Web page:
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If you have exceptional patience and good soldering skills, perhaps this is the perfect project for you!

Nick Schulze recently finished an 8x8x8 LED cube (totalling 512 LEDs). Sure it's designed around an Arduino, although it could be adapted to any microcontroller.

Here's a video of the cube:

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From Embedded Lab: A new multi-function power supply unit for my Embedded Lab

Here's a great writeup on a lab power supply with fixed positive and negative 5 volt outputs and an adjustable output.  A nice feature of this setup is the use of a PIC-based circuit to read supply voltage and current.

"One important parameter in embedded system designing is power consumption. This parameter is directly related to the battery lifetime, if the system is to be powered from a battery. In order to determine the power rating of your designed system, you need to know how much current the system draws from the source at a given voltage. While working on my projects, I usually measure current by placing an external ammeter in series with the current’s return path. This is not always convenient to do, and so I thought of making a special power supply unit for my lab that would display both voltage and current information on a LCD screen while prototyping my circuit. This way I can continuously monitor how much power my test circuit is drawing at a specific operating voltage. This power supply unit provides fixed ±5 V as well as a variable dc voltage ranging from 1.25 V to  9 V. A PIC16F689 microcontroller is embedded into the power supply unit to measure the adjustable output voltage along with the load current. Besides, this unit also has a built-in frequency counter to measure the frequency of an external signal. The range is over 50 MHz. However, it has been tested up to 20.0 MHz, and works fine. There are still few I/O ports of PIC16F689 that are not used. So I am thinking about adding one or more features (like capacitance meter) to it. But that would be on my second version..."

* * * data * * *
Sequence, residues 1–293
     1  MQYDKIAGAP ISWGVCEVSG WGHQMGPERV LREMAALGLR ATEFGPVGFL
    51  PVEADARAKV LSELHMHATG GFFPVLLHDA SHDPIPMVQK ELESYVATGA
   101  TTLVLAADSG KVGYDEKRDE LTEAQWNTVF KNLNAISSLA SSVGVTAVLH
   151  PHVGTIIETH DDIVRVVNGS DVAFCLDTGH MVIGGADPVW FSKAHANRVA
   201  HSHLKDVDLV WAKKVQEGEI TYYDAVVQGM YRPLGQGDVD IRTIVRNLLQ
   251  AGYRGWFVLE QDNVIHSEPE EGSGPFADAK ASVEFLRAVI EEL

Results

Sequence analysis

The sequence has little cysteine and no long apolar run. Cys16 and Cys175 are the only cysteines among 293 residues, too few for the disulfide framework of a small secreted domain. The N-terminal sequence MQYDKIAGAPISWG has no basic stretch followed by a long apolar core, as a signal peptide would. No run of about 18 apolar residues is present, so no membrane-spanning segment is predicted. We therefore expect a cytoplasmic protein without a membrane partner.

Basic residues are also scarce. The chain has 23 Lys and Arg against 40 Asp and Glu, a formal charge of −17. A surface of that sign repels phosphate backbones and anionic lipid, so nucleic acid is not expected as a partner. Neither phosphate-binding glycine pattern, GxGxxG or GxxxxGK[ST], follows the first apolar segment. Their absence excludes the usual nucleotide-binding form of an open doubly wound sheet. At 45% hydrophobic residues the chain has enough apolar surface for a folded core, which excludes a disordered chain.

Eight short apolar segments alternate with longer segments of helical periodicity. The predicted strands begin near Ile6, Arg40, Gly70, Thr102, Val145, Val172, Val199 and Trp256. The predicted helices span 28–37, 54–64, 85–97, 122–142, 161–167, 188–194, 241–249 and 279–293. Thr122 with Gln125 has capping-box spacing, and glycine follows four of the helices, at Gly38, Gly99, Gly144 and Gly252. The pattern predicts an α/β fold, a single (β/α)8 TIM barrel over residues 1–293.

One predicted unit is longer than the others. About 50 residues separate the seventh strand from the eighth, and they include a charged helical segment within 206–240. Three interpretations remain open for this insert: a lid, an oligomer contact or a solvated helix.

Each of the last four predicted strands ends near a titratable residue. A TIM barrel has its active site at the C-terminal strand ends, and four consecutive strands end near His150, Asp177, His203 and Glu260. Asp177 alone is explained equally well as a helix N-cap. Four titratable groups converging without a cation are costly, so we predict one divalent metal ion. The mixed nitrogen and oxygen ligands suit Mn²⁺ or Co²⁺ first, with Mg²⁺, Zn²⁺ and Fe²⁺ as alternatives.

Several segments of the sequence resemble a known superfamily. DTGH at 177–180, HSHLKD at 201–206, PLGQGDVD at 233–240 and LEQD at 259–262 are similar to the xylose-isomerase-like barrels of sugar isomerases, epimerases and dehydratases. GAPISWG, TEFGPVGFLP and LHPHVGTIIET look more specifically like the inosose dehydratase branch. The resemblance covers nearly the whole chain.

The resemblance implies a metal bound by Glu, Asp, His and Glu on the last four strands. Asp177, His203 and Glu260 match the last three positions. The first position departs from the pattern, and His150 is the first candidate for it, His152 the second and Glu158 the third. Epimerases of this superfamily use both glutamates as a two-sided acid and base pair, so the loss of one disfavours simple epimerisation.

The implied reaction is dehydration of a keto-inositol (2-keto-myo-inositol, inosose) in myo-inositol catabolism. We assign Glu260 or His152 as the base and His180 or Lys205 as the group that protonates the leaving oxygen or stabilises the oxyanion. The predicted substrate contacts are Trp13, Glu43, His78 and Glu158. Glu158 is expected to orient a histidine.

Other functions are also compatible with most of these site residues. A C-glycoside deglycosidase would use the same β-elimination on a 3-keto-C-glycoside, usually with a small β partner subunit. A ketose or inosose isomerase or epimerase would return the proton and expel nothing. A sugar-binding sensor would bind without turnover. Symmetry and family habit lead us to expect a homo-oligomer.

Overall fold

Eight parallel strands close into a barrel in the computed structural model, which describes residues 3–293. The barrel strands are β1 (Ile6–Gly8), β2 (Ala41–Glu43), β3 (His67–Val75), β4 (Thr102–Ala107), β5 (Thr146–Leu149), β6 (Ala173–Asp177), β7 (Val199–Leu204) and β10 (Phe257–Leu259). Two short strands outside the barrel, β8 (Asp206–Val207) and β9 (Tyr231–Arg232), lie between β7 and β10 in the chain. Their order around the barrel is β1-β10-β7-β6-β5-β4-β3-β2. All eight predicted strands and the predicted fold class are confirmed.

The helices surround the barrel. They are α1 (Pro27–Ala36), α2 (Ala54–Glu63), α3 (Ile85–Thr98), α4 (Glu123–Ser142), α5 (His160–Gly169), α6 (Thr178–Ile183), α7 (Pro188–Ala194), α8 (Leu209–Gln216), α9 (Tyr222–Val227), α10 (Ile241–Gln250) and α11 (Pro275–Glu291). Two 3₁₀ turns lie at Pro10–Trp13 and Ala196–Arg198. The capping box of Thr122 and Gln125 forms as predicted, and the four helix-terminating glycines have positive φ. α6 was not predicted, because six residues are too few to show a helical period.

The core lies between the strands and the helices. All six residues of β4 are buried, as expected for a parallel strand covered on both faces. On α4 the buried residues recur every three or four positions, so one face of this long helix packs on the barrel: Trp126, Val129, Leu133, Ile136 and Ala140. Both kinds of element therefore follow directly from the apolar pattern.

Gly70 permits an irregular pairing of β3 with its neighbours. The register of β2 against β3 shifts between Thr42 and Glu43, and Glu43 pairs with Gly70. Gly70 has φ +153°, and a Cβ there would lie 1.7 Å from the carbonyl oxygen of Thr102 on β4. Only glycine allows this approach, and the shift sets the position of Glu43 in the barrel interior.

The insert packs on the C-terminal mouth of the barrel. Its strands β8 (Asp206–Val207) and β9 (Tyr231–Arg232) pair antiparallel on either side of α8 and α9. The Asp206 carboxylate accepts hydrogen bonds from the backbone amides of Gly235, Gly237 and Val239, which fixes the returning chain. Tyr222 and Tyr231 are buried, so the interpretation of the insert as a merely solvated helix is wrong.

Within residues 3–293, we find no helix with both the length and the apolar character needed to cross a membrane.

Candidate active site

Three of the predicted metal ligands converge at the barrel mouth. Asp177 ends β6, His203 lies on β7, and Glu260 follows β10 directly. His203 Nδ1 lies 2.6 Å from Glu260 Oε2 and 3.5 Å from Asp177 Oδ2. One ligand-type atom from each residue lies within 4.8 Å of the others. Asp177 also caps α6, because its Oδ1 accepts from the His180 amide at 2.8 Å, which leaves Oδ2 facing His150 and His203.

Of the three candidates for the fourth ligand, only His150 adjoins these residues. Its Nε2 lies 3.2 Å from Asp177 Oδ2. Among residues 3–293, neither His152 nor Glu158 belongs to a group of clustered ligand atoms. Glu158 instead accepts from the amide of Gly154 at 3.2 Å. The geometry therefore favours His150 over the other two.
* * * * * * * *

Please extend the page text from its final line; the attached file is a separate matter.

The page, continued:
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Some Comments about Network Security - EDN Editor Ron Wilson

289226-Stuxnet_and_the_Internet_of_Victims_image1In this age of more and more "things" connected to internet, security becomes a big issue.  It's one thing to have your internet-connected toaster hacked and you have burned toast for breakfast but quite another to have a internet-controlled traffic signal hacked to turn the light green in all directions!  Ron Wilson has some thought-provoking comments based on real-world events.

"In marketing speak, it is the Internet of Things. Just as in the first decade of this century the Internet connected the world’s people, so—the pundits tell us—in this decade, the Internet will connect the world’s man-made objects. The toaster will talk to the television, and the light switch will lie down with the lamp. Without debating the wisdom of this scenario for global unification, we feel the need to offer it a hurled monkey wrench and then to observe the consequences.

Our spanner comes in the form of that recently famous computer virus, Stuxnet. As you may recall, no one has admitted to being the source of the virus. But it appears that some organization opposed to Iran’s nuclear program launched Stuxnet onto the Internet to attack the software that controls Iran’s uranium-enrichment centrifuges. Unfortunately, Stuxnet seems to have attacked many other instances of this widely used software, as well, making it perhaps the first act of global cyberterrorism.

It won’t be the last..."

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Who Has a "Right to Repair?" - a Blog Post by John Titus of EDN

John Titus has an interesting look at the maintenance issues created by the increasing use of "smart" electronics in cars.

"Automobile repair shops have a beef with auto manufacturers over who can repair vehicles. Many repair shops want to replace "programmable" components but the auto companies won't release the details of how to program these devices for fear of opening their intellectual property to all takers. A story in the 10 February 2011 Wall Street Journal explained that after a mechanic replaced a windshield-wiper switch in a 2004 Saab, the car wouldn't start. The switch needed an "initialization" at a Saab dealer..."